Date:
13 September 2017
Time: 9:00am to 8:00pm
Location: 309 Regent Street 309 Regent Street, London W1B 2HW – View map

Conference organised by the Communication and Media Research Institute (CAMRI)

Keynote Panel: Virality, Social Media and Popular Culture

Chair: Dave Morley, Goldsmiths College, University of London

Nancy Baym, Microsoft Research

Emily Keightley, Loughborough University

Winston Mano, University of Westminster

Tony D Sampson, East London University

Paddy Scannell, Media, Culture and Society

This interdisciplinary conference aims to examine how and why everyday popular culture is produced and consumed on digital platforms. There is increasing interest in studying and discussing the linkages between popular cultural and social media, yet there exist important gaps when comparing such cultural phenomena and modes of consumption in a global, non-west-centric context. The conference addresses a significant gap in theoretical and empirical work on social media by focusing on the politics of digital cultures from below and in the context of everyday life. To use Raymond Williams’s phrase, we seek to rethink digital viral cultures as ‘a whole way of life’; how ‘ordinary’, everyday digital acts can amount to forms of ‘politicity’ that can redefine experience and what is possible.

The conference will examine how social media users engage with cultural products in digital platforms. We will also be assessing how the relationship between social media and popular cultural phenomena generate different meanings and experiences.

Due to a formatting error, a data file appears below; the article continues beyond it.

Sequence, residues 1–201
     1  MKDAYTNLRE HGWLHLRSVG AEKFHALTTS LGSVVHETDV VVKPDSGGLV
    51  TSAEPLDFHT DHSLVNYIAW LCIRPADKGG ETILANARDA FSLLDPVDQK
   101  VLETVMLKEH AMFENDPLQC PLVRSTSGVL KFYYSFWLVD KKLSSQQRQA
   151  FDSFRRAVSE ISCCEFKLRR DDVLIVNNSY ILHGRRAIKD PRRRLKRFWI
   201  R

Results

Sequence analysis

The conference engages with the following key questions:

  • How do online users in different global contexts engage with viral/popular cultures?
  • How can the comparative analysis of different global contexts help us contribute to theorising emergent viral cultures in the age of social media?
  • How do viral digital cultures redefine our experience of self and the world?

 

Conference papers will address the following themes:

  • Analysing viral media texts: method and theory
  • Theorising virality: new/old concepts
  • Rethinking popular culture in the age of social media
  • Social media, politicity and the viral
  • The political economy of viral cultures
  • Memes, appropriation, collage, virality and trash aesthetics
  • Hybrid strategies of anti-politics in digital media
  • Viral news/Fake news
  • Non-mainstream music, protest, and political discussion
  • Capitalism and viral marketing

 

PROGRAMME AND REGISTRATION

This one-day conference will consist of a keynote panel and panel sessions. The fee for registration for all participants, including presenters, is £40, with a concessionary rate of £15 for students, to cover all conference documentation, refreshments and administration costs.

Please register on Eventbrite by clicking here. 

Click here for the full programme.